Cholesterol Treatment: Can Red Yeast Rice Improve Cholesterol Levels?

Disclaimer: Results are not guaranteed*** and may vary from person to person***.

Red yeast rice — a.k.a. “Hong Qu” — is a common supplement used to help improve cholesterol levels. A new study says that the active ingredients inside red yeast rice can vary wildly from one product to the next.

In 2008, American consumers spent about $20.0 million on this supplement. But, manufacturers don’t have to disclose the levels of certain active ingredients called “monacolins.” So, on a whim, researchers randomly tested 12 red yeast rice supplements for monacolins — and for “citrinin,” a toxin that can harm the kidneys.

Across the 12 products, monacolin levels ranged from 0.31 milligrams to 11.15 milligrams per capsule. Four of the supplements had elevated levels of citrinin. The researchers call this “dramatic variability” in monacolin levels and suggest that better standardization and labeling of red yeast rice products may address these concerns.

This supplement is made when a specific type of yeast is fermented over rice. Red yeast rice was first thought to be used as far back as 800 AD. The Chinese used it for a lot of reasons, but the modern use is to combat high cholesterol. It stems from research that shows red yeast rice contains natural substances that mimic the action of statin (cholesterol-lowering) drugs.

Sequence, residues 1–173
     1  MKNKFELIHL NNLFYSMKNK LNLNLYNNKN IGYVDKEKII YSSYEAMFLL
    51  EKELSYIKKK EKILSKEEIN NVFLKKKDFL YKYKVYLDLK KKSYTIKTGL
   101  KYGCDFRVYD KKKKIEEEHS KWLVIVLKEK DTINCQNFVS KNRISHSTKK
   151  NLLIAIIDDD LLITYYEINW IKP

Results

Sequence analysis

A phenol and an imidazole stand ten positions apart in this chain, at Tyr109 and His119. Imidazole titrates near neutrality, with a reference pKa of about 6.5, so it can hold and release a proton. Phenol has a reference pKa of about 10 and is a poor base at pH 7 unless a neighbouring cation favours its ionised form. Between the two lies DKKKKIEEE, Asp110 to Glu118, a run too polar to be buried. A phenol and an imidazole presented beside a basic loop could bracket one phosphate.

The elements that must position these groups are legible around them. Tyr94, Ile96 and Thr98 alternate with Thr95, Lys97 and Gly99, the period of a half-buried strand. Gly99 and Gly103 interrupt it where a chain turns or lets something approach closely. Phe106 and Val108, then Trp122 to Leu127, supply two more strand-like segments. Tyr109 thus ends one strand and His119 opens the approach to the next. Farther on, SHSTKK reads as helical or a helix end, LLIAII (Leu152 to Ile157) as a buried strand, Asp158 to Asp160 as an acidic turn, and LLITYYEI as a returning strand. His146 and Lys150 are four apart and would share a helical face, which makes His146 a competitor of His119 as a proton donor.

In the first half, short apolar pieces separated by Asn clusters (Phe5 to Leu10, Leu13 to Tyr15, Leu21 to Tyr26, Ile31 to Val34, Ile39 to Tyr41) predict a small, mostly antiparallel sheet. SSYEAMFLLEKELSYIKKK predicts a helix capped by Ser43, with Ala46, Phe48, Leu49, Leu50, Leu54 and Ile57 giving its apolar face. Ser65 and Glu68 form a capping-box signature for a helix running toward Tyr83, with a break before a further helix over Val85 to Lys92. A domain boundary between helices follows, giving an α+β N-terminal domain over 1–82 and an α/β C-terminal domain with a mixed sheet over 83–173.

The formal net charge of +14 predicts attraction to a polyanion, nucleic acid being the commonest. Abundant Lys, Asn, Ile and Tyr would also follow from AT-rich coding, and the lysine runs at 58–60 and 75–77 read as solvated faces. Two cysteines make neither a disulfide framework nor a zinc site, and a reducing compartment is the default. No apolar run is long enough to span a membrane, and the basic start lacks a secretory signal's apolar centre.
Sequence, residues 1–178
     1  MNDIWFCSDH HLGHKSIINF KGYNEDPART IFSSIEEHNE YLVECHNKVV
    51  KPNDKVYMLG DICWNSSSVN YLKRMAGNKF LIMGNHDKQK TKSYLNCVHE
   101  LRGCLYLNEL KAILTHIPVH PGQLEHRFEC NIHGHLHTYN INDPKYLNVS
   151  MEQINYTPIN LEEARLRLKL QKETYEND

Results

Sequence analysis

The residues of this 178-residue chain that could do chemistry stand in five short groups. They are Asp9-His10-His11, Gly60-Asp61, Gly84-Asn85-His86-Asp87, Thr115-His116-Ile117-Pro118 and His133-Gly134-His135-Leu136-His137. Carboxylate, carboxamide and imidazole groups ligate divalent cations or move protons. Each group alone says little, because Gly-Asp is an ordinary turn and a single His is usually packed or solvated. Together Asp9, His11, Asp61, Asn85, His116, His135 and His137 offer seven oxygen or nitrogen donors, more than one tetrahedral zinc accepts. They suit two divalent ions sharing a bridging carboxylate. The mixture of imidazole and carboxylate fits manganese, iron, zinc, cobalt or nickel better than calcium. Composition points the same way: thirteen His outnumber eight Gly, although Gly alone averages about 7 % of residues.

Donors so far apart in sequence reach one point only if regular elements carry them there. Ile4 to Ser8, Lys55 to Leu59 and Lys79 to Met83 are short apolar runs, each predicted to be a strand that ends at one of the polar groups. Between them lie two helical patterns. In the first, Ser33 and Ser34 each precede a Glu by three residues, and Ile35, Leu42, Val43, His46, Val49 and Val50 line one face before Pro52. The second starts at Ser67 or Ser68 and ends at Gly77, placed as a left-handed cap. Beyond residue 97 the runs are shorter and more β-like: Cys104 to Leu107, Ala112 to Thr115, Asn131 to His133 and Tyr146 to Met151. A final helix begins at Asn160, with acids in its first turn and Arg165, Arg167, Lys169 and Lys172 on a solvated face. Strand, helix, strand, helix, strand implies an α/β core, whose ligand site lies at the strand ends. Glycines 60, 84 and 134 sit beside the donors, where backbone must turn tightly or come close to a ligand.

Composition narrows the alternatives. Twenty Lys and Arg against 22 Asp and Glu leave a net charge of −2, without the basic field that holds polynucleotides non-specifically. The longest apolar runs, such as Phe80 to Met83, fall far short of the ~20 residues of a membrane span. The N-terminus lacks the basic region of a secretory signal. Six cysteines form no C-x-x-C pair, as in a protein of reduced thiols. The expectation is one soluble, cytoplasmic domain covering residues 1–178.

Studies have found positive results. Red yeast rice dropped total cholesterol by 23% in one study and by 16% in another. It could also more significantly drop LDL (“bad”) cholesterol and triglyceride levels. Researchers believe that this supplement could not only reduce and maintain healthy cholesterol levels, but also promote circulation and lower the risk of heart disease.

The only issue now is whether the product you purchase has sufficient monacolins. Many doctors actually suggest you take red yeast rice to help drop cholesterol levels, but make sure you do some investigating. Ask the doctor if he or she has advice as to which product to use. Failing that, consult the pharmacist as well. You could even contact the supplement maker directly if you are unsatisfied with the answers.

Since penny-pinching is a serious issue, you need to get your money’s worth and not blow it on a supplement that isn’t delivering the effect you are seeking. And, aside from that, your health is at stake as well. High cholesterol is nothing to take lightly.